30 Event-relateddiscrete and short-duration events are presented with timing and order that may be randomized (Tie et al., 2009).Slow event-related designlongerinter-stimulus-interval (ISI)HRFshorterRapid event-related design(Petersen & Dubis, 2012)
31 (Amaro & Barker, 2006; Friston, 2003; Petersen & Dubis, 2012) Advantages:Analyses related to individual responses to trials.Less sensitivity to head motion artifactsCan be used to assess practice effects.Randomization of the order of conditions presented.Can also vary the time between stimulus presentation.Post hoc methods.Maintenance of a particular cognitive or attentional set.Decrease the latitude the subject has for engaging alternative strategies.Disadvantages:Reduced ability to estimate the HRF properties of a single stimulus (Rapid event-related fMRI)Linearity versus non-linearity of the BOLD interaction in overlapping HRFs (Rapid event-related fMRI).Decrease of signal-to-noise.(Amaro & Barker, 2006; Friston, 2003; Petersen & Dubis, 2012)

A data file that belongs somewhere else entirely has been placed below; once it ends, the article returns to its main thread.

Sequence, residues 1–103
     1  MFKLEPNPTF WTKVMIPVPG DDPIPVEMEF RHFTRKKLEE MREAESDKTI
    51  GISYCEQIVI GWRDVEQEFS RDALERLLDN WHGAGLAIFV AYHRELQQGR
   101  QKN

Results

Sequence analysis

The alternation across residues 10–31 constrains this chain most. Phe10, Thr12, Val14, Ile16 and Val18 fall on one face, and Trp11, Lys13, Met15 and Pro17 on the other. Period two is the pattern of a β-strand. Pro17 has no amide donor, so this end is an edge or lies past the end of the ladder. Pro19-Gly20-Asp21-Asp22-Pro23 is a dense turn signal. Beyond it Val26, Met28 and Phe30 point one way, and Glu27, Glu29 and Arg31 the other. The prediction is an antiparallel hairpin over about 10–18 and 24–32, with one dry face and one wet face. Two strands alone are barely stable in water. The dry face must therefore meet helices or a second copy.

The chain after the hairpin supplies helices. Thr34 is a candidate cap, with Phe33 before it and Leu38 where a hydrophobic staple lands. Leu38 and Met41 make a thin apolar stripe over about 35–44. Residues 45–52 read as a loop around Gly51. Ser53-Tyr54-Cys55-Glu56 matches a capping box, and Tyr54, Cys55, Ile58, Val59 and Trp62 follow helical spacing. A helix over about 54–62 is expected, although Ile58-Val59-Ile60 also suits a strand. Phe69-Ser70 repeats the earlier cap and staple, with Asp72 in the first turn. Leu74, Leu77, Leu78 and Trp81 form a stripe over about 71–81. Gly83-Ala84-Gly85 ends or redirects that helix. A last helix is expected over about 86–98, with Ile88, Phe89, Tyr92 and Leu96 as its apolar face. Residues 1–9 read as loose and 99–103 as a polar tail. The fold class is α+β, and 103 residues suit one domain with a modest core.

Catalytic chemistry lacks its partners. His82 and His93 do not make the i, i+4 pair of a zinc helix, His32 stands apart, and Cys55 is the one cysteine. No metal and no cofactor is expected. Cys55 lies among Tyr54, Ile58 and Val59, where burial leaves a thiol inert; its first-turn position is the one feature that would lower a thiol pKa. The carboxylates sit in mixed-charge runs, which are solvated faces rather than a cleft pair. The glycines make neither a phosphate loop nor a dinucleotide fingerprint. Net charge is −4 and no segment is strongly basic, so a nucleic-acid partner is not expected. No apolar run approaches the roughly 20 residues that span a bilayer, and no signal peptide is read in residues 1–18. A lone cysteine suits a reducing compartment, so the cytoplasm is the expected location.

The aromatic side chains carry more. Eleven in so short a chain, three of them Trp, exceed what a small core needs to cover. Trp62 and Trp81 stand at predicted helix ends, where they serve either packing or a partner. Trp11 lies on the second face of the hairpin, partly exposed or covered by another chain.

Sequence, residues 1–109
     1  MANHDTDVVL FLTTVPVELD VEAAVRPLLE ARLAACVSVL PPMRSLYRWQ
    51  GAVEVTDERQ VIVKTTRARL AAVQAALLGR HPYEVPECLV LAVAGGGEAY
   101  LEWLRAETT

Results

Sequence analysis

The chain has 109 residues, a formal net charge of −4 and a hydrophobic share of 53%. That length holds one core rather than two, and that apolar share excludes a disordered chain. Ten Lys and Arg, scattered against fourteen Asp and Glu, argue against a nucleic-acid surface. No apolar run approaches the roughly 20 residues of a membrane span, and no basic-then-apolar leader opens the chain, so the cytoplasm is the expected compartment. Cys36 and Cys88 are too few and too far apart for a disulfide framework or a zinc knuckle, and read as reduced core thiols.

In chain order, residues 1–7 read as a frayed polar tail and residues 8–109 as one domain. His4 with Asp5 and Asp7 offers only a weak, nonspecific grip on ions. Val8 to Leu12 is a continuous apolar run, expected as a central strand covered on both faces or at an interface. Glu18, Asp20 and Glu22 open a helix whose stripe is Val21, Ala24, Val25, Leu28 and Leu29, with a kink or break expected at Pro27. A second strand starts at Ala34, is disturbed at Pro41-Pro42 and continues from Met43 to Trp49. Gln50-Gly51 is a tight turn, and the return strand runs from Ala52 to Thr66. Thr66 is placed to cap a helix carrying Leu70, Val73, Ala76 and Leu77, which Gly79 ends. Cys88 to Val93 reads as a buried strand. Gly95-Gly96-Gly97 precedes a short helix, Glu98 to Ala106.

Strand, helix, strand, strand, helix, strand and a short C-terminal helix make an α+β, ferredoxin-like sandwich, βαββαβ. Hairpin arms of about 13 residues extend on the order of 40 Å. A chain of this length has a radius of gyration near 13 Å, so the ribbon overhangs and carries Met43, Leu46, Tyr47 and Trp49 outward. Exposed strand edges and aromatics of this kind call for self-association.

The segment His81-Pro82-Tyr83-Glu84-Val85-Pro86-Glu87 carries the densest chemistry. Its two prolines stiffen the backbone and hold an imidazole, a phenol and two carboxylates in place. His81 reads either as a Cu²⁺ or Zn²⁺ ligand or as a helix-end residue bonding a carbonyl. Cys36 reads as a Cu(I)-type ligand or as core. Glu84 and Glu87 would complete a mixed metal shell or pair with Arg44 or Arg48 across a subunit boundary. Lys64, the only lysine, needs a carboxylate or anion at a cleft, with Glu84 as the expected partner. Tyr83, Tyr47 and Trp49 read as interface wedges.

33 (Amaro & Barker, 2006; Petersen & Dubis, 2012) Mixed designsA combination of block and event-related designs can provide information relating to ‘maintained’ versus ‘transient’ neural activity during paradigm performance.baselineTask blockeventsAdvantages:Item-related pattern of information processing (transient activity).Task-related information processing (sustained activity).Disadvantages:Involves more assumptions than other designs.Issues associated with poorer HRF shape estimation.Post hoc analysis of behaviour correlated activation.Power considerations.(Amaro & Barker, 2006; Petersen & Dubis, 2012)